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Black Sea or Black Lake? How US-Russian tensions have affected EU policy in the wider Black Sea region

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posted on 20.03.2012, 16:49 by Carol Weaver
This thesis asks ‘To what extent have US-Russian tensions affected European Union policy in the wider Black Sea region?’ partly to help answer the broader question of ‘Are we in the process of changing from a state dominated, anarchic and realist world to one where effective regional and global organisations take precedence?’ Both the United States and Russia are referred to as ‘modern’ states with ‘realist’ foreign policies, whilst the EU is described as ‘postmodern’ or ‘post-sovereign’. Now the EU extends to the Black Sea coastline there is a clash between the realism of the US and Russia, and the post-sovereign politics of the EU, whose policy is to resolve conflicts and promote a stable and peaceful European neighbourhood. Tensions and policies are systematically analysed using methods which include interviews and documentary analysis. NATO enlargement is argued to have contributed to the war in Georgia and the hastening of the Eastern Partnership policy. Tensions over an anti-ballistic missile system, Black Sea access, energy security, territorial integrity, spheres of influence and conventional forces are also shown to have affected the implementation of EU policies, as well as causing policy changes in some instances. One change in EU direction has been from bilateral only relations with eastern partners to both bilateral and multilateral relations (partly through Black Sea Synergy) in an attempt to promote regional cooperation as well as Europeanisation. The research concludes that US-Russian tensions, inter alia, have affected EU policy, which could point towards the triumph of realism in the Black Sea region. However, in the more recent post-Bush era, cooperation has become more visible. The thesis also argues that there is a situation of ‘balanced multipolarity’ (between Russia, the EU, Turkey and the US) in the region, which could lay the foundation for a cooperative security community to develop.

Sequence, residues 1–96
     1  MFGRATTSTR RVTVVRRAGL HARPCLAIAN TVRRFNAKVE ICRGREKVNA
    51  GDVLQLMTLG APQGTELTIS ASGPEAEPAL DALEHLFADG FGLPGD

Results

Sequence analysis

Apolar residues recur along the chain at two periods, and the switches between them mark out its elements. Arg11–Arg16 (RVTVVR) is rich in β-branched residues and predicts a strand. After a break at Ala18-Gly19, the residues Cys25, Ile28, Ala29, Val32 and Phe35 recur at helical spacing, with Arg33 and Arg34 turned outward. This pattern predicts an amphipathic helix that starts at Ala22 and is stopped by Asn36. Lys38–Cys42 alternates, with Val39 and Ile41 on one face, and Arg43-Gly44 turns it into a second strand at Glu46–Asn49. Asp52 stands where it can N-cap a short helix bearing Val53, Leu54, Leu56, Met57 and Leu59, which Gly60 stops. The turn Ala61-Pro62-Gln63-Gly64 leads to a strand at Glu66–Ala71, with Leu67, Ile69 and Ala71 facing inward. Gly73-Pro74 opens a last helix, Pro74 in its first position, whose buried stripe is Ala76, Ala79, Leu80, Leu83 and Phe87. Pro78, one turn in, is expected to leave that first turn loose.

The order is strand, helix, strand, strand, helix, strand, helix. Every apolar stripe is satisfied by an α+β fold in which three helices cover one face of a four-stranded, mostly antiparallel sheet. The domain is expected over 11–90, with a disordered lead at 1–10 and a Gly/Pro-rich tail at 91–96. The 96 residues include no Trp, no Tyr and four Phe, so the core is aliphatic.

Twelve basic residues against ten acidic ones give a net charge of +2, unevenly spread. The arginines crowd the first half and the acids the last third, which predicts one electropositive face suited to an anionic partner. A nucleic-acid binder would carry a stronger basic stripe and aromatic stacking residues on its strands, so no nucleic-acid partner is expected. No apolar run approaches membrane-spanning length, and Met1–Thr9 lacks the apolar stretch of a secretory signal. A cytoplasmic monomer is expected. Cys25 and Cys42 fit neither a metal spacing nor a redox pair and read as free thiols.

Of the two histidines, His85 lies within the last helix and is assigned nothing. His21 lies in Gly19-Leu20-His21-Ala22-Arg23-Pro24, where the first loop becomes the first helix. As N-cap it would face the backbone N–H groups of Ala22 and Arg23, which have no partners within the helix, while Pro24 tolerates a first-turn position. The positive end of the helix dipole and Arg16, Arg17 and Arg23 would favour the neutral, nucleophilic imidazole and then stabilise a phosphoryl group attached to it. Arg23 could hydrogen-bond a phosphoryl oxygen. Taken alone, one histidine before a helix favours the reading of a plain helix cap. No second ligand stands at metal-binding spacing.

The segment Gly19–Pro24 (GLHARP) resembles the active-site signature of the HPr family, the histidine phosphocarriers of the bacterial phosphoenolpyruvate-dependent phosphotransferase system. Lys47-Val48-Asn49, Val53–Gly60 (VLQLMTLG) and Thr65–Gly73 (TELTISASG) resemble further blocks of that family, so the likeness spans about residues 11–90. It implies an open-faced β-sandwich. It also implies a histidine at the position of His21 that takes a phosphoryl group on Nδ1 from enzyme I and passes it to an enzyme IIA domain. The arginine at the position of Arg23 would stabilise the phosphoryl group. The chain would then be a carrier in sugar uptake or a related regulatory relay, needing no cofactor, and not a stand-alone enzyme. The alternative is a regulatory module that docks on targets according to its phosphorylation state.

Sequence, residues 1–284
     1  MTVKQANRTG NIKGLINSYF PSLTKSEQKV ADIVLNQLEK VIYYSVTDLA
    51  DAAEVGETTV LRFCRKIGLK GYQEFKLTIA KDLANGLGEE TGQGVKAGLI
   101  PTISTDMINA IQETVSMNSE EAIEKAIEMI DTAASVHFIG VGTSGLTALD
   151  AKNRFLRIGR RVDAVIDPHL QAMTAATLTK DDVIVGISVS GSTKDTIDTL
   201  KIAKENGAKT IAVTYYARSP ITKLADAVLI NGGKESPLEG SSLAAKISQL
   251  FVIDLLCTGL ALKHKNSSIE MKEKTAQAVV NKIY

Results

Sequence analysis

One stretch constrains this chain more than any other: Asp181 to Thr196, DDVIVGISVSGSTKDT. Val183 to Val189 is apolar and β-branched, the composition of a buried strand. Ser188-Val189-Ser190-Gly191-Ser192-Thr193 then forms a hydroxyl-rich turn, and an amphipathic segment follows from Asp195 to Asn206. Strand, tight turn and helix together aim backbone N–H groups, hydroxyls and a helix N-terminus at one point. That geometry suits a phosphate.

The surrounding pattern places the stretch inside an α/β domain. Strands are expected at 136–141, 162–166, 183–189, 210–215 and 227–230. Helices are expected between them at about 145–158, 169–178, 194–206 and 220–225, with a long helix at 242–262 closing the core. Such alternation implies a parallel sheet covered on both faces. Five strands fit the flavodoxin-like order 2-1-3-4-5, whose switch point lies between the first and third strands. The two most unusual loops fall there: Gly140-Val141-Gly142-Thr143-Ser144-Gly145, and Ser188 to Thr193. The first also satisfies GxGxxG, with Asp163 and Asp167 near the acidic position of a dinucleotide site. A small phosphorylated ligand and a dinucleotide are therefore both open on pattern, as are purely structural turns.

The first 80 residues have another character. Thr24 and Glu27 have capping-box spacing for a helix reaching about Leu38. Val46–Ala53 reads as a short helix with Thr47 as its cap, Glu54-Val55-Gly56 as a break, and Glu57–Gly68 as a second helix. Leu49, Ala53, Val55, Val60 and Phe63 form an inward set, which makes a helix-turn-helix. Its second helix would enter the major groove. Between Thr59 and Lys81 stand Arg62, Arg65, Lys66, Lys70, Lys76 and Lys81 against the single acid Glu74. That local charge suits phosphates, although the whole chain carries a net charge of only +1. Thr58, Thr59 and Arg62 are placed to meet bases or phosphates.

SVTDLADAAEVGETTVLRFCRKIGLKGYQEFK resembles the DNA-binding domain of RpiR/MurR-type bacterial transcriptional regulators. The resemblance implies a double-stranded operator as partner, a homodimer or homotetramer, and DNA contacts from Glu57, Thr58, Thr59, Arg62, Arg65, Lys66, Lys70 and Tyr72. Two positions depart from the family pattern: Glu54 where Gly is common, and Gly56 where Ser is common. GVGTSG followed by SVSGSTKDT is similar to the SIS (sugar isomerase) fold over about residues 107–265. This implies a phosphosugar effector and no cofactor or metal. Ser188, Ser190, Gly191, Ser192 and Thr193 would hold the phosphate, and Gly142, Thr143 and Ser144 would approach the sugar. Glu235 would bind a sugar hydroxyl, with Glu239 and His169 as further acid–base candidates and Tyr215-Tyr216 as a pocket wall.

History

Supervisor(s)

Henderson, Karen; Whitaker, Richard

Date of award

01/10/2011

Awarding institution

University of Leicester

Qualification level

Doctoral

Qualification name

PhD

Notes

In 2014 the author added some minor corrections to the notes (pages 118, 137, 186) of the electronic version of this thesis.

Language

en

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